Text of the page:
3D printed tablets have been around for a while now. In 2015, the epilepsy medication Spritam received its license as the fist medication to be approved for 3D printer manufacture, issued by the FDA, the American Food and Drug Administration. The advantage of printlets is thus:
Compared to conventional tablet presses, printed pills can be coated with a more porous surface, which helps them dissolve more quickly and without additional liquid intake. They can also be equipped with more active ingredients. This is particularly beneficial for patients who have difficulty swallowing and who have to take lots of different tablets.
MERCK GETS INTO 3D PRINTING
In 2020 the pharmaceutical group Merck joined forces with the EOS, the global market leader in 3D printing. The aim of this partnership is to transfer 3D printed tablets into an industrial application. First, the partners want to focus on producing GMP (Good Manufacturing Practice) compliant tablets and investigational products for clinical studies. In the developed powder bed fusion procedure, materials in powder format are melted using a laser and then fused to each other, layer upon layer.
The advantages of the innovative manufacturing procedure are extensive. The medication will be able to be manufactured more flexibly in terms of its size, shape and profile for release of active agent or active agent release combination (termed polypills), and this should occur with an increasing drop in costs. This is because multiple medications can be printed easily on one 3D printer. It’s quite simple: the raw material just needs to be changed and the correct feed and print procedure must be selected. Effectiveness can be improved and side effects can be reduced.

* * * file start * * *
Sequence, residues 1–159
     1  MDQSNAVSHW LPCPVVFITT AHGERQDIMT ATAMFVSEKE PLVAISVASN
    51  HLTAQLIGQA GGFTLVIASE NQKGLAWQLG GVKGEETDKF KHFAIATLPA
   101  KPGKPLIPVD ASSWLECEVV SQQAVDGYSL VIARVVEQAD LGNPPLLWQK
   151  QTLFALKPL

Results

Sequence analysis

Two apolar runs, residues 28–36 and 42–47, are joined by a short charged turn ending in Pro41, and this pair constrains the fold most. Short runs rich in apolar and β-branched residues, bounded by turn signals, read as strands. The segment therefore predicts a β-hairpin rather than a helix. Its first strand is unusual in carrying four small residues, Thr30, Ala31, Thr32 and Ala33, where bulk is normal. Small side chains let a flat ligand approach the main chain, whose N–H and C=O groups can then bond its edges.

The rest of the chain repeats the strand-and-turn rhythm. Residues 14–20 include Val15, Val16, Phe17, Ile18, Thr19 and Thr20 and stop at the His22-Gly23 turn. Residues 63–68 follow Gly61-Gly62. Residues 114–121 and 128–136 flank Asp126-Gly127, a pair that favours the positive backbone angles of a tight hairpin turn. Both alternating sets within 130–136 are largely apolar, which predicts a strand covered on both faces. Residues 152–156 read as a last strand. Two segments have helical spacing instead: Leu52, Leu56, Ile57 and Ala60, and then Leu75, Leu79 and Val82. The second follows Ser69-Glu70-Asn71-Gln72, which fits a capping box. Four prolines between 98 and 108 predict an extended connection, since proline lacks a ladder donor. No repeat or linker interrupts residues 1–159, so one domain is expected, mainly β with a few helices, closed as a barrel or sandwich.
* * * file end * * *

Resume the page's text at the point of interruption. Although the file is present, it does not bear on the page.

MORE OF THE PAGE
In addition, medication production becomes more self-sufficient. Geopolitical risks and difficulties in the supply chain can be reduced and remote regions that are not well-connected in terms of their infrastructure thus have a way to produce the medication that they require.
THE BUZZWORD IS "PERSONALISED MEDICATION"
In addition, specialists expect that 3D printing will generate a breakthrough for personalised medicine in the pharmaceutical industry. In the future, pharmacies will be able to print individual medication types for patients themselves on-site while being able to take crucial factors such as a specific condition profile, age, sex, genetics or biochemical properties into account. This is an advantage for rare diseases or for special preparations for paediatric or geriatric applications. In the future, we will also be able to use this 3D technology to create prosthetics, implants and 3D bioprinted organs.
How are printed medications manufactured?
The manufacturing processes for 3D printed tablets and tablet press processes are, initially, very similar. Powder flowability is the crucial factor in the subsequent process. The dynamic flowability is a factor in creating high-quality 3D printed tablets, as it ensures the thickness defined for the even layers.
3D print tablet manufacturing employs powder recycling, which is a plus for sustainability. It is expected that unused powder is recycled and used for new 3D formulations. Investigations need to be carried out to see how far this type of recycling could affect the stability of the products.
It will probably be a while before patients can use this promising technology to print their tablets at home! The current fields of application are limited exclusively to highly specialised, individual medicine.